HESPERWOLF, spiritualist: While Ms. Griffith-Kelly and I do not see eye to eye, and I am bound by the earthly contract of signatures, the truth of the glister cannot be bound by human law.  I am still visited by the beings in that hotel, I still know their names, and I urge her, and the foundation to let their stories be heard.  I know for a fact that it is haunted.  And haunted in such a way that calls out it needs to be free.

NARRATOROne saving grace Hesperwolf may find in all of this, is it’s too late to turn back for the Foundation on its initial admission of the activities on the grounds, or what it agreed to state as fact when it was granted Historical Haunted Landmark status, which provides grants and funding for, as yet, limited seasonal events and recognition from Griffith-Kelly in time for the trick-or-treaters and ghost storytellers.  The Gilman All Hallow’s Eve ball is an annual event that features ghouls, goblins, and tasteful recollections of some of the more devastating occurrences. 

CHARLY VILLAQUEZ, magazine editor: Serial killers.  Rock star overdoses.  Arsonists.  A republican fundraiser.  The Gilman saw it all.  And it sees it all.


Segment 5: The Jefferson Account (1998)

written and produced by Viktor Devonne for 2 Night Stay
recorded and performed by Essence Revealed




gilman-logo-new-transparentIt was unreasonably warm in the room.  She could not tell the last time the bed had been turned down, but the musk in the air would have given the impression of someone having done aerobics while smoking cigars and then bathing a cat.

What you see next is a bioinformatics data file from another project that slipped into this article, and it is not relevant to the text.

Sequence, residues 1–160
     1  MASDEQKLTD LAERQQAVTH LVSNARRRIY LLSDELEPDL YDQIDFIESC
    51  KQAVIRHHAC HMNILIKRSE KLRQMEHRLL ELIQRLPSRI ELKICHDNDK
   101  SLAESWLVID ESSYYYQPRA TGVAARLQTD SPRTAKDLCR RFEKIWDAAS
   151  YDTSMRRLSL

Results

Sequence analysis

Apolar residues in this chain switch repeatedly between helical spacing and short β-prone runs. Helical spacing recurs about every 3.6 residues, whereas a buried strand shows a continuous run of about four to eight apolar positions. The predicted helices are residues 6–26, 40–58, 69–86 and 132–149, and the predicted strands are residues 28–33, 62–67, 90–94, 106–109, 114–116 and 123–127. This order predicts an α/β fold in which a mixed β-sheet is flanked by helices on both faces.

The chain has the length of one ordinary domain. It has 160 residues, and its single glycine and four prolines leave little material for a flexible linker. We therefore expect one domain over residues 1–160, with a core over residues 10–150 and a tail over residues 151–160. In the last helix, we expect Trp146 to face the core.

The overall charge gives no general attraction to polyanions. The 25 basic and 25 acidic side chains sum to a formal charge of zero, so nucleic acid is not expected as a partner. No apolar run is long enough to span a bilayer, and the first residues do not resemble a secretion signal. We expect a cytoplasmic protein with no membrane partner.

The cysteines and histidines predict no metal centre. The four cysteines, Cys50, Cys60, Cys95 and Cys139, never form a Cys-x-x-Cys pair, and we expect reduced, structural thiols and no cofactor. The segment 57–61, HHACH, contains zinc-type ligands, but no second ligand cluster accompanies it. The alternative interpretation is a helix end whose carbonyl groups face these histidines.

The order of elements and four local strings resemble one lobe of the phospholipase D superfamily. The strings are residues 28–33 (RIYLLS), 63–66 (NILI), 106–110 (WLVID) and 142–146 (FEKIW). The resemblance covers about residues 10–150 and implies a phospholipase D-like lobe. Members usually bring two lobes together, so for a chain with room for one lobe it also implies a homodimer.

The windows looked bolted shut but with minimal amount of fuss, she was able to shake one open.  Her view of the courtyard and laxly cultivated garden was idyllic in comparisons to the rest of her surroundings.

The hotel had fallen into neglect, but certainly not recently.  She chose to stay there for the rate, and the proximity to the convention.

She had long been the only mind of money matters at her firm.  She knew where the clients liked to throw their dollar bills, and where the administrators vacationed on the company card.  Years ago, she’d proven her worth to several partners when she 1099’d the mistresses as something more palatable for the IRS.

She herself was three years married.  Margaret Mumford-Sachs.  Margie, please, but it was her decision to hyphenate.  She was tough in the board room, but without those hushed “what a bitch” whispers that her feminine colleagues seemed to always get.  She knew her job, frankly better than anyone else, but knew to file away, mentally, where the bodies were buried rather than act on it now.

Four years with Hopkins Vernon Skipp, the trials she was deposed for, the schmoozing cocktail parties, and the creative tax deductions did not prepare her for marriage to a would-be perfect man.

He was insistently perfect.  Underfoot.  Inquisitive.  Dying to please.  She has decided at six years old that she was not a dog person.  She still wasn’t.

It was almost 4pm.  The room was already airing out and her rose-scented body splash managed to overpower whatever Dutch Master  failed to die in there weeks ago.

Margie took off her lanyard and hung it on the lamp.  Glancing at the mirror, she was relieved her hair had stayed mostly intact from the morning’s styling.  Her manicured nails—violet—traced her neck to clavicle, over her jacket buttons.  The suit was a good choice.  She looked amazing in navy.  She stripped off the blazer somewhat reluctantly, exposing her white blouse.  Both were soon draped over the only chair in the room.

It was a matter-of-fact undressing for a woman who failed to find herself erotic for these many years.  Within moments, she was already in the shower, letting the heat provide much-needed permission for her mind to drift to the hours ahead.

She was an efficient shower-taker at home, but here, she allowed herself to linger.  It was time to switch gears and prepare herself to be something for someone else. Those unchecked emails would wait for Tuesday.  The steam filled her mind, as she caressed her unloved body.